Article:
A self-taught artist, Robert Lapalme is known for being one of the great Canadian political caricaturists of the twentieth century. In the 1940s, he became actively involved in the fight against the government of Maurice Duplessis, whom he relentlessly caricatured in the daily Le Devoir. He organized the Salon international de la caricature (from 1963 to 1988), and was artistic director of Expo 67 and the Montréal Métro. Influenced by cubism, Lapalme was also a painter; he produced a series of paintings for the Berri-UQAM Métro station and Place des Arts.
The two murals decorate the restaurant of the Botanical Garden. The larger one frames the entrance and the other one is at the back of the main dining room. These two mosaics portraying moments in Canadian history were executed from plates by Robert Lapalme. The one at the back of the room illustrates the explorers’ first meal during the first voyage of Jacques Cartier, in 1534. The one at the entrance traces the local history of dining tables in inns from early colonial times to the late nineteenth century.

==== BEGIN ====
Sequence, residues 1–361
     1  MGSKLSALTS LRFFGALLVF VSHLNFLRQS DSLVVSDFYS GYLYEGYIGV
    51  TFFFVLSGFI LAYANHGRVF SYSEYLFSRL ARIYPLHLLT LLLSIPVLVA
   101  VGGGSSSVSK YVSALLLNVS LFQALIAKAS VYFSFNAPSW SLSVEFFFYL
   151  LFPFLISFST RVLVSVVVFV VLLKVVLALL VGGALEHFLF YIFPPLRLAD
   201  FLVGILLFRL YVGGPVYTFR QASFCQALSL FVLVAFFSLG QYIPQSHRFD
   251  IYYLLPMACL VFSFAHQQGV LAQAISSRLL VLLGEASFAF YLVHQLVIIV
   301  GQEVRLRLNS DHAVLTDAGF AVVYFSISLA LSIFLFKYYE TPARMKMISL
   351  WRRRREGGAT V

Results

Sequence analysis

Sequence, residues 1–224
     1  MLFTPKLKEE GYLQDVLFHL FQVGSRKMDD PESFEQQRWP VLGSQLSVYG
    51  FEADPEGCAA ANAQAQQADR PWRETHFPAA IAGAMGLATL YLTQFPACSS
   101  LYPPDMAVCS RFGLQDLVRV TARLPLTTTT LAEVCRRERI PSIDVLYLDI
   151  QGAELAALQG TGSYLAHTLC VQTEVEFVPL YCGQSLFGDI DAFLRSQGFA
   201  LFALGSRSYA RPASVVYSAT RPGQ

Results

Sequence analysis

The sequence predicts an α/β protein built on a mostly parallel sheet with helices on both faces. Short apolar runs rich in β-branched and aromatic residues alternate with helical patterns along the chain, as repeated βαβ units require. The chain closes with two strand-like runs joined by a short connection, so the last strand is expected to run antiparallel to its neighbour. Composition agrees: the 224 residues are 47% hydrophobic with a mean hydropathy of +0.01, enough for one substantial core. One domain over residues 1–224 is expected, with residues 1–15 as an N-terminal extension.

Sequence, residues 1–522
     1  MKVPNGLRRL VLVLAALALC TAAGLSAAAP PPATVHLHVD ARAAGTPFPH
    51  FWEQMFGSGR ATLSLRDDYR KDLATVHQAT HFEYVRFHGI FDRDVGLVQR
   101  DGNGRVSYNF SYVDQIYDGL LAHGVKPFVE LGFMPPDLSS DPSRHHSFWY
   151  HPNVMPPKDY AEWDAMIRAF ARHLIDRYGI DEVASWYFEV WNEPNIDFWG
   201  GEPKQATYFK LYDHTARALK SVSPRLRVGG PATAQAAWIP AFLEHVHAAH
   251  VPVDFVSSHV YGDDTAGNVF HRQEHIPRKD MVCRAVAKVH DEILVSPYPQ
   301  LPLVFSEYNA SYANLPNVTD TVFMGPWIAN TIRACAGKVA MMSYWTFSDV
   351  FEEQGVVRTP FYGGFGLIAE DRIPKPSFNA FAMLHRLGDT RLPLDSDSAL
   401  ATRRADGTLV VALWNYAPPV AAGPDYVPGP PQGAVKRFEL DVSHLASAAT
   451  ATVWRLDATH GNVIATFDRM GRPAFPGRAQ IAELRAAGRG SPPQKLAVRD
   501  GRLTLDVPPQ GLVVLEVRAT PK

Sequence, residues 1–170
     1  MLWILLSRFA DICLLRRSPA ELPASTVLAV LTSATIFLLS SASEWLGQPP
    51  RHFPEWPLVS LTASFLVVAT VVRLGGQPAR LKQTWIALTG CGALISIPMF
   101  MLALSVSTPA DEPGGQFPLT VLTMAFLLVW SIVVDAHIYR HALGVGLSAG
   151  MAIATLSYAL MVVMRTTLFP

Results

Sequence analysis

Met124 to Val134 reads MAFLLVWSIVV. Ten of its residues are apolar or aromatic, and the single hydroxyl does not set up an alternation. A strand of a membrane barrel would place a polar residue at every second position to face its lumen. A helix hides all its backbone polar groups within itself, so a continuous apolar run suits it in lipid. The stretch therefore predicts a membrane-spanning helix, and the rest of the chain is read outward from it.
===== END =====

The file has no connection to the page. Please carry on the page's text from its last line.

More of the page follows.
Lapalme’s style is recognizable in these paintings due to their sinuous lines and cubist accents (which are reminiscent of the paintings of his friend Alfred Pellan, on whom he apparently had some influence). The artist’s penchant for a didactic form of art that illustrates the history of Montréal is also found in these murals. At the time when he was artistic director of the Montréal Métro, Lapalme had formulated a policy favouring integration exclusively of figurative and historical artworks. Following a controversy involving the Automatists, he was replaced by painter Jean-Paul Mousseau, who favoured a less authoritative and more exploratory approach.